Hippocrates: Diary of a French Doctor
The Hippocratic Oath is one all doctors must take, to uphold ethical standards and do no harm to their patients, but as Hippocrates demonstrates, sometimes things aren’t so black and white. The film introduces us to Benjamin (Vincent Lacoste), a 23-year-old completing his first internship in internal medicine alongside his father. Benjamin starts out optimistic and quickly becomes the department’s star intern, until things start to go wrong. First there’s Abdel (Reda Kateb), an older Algerian doctor interning at the hospital to qualify for equivalency. Abdel’s not only more experienced than Benjamin but more confident, with a better bedside manner. Naturally, Benjamin isn’t too thrilled with his presence – at first, anyway. Then there’s Benjamin’s mistake: he misses something vital to a patient’s survival, which the hospital then covers up. Tensions flare and Benjamin’s conscience starts to eat away at him.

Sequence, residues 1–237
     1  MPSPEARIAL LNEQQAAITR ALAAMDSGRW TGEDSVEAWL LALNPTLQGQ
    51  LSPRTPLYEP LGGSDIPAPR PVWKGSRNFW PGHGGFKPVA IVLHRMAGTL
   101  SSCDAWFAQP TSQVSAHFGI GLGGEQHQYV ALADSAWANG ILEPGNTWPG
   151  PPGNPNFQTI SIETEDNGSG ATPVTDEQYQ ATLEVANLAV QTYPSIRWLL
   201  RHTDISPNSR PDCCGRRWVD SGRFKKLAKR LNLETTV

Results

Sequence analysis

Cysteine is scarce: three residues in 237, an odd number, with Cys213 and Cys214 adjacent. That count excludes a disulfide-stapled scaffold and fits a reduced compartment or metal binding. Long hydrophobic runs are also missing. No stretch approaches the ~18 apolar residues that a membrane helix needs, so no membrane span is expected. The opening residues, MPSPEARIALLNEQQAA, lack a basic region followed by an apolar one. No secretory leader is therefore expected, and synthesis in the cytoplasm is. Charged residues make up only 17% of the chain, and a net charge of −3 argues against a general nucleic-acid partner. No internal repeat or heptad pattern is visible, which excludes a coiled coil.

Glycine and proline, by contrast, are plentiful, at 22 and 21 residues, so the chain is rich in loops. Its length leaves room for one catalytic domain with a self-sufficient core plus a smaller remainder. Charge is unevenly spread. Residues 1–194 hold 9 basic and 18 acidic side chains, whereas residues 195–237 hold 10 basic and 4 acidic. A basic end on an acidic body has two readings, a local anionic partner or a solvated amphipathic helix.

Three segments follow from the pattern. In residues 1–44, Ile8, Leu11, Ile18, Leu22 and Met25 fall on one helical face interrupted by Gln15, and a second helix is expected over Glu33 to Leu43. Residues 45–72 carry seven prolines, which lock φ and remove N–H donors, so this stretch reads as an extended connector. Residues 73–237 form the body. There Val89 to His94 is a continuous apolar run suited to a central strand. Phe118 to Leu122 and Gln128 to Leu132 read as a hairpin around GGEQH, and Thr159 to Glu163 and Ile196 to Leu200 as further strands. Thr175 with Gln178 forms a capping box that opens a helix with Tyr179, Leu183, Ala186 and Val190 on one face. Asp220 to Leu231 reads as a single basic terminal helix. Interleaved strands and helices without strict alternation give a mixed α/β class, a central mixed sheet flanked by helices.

Hippocrates is a sensitive, thoughtful coming-of-age narrative, as well as a strong critique on the changing face of the French healthcare system. Like the NHS, budget cuts, over-worked staff and crippling bureaucracy are beginning to take their toll on the system. Indeed, throughout much of the film the characters struggle with the fact that the hospital is increasingly run like a business, with efficiency being prioritised over patients and their comfort.
The performances are strong and it’s no surprise that Reda Kateb’s bagged him Best Supporting Actor at the César Awards last year. There’s nothing particularly special about the cinematography or music. Like many indie films, Hippocrates is dominated by long, pondering shots and reflective moments, although this does add to the feeling of intimacy and realism. The storyline is absorbing and the script is excellent, with a good mix of dark comedy and ethical debates. Overall, Hippocrates is a thoroughly enjoyable movie.
Hippocrates is released nationwide on 26th June 2015.
Watch the trailer for Hippocrates here: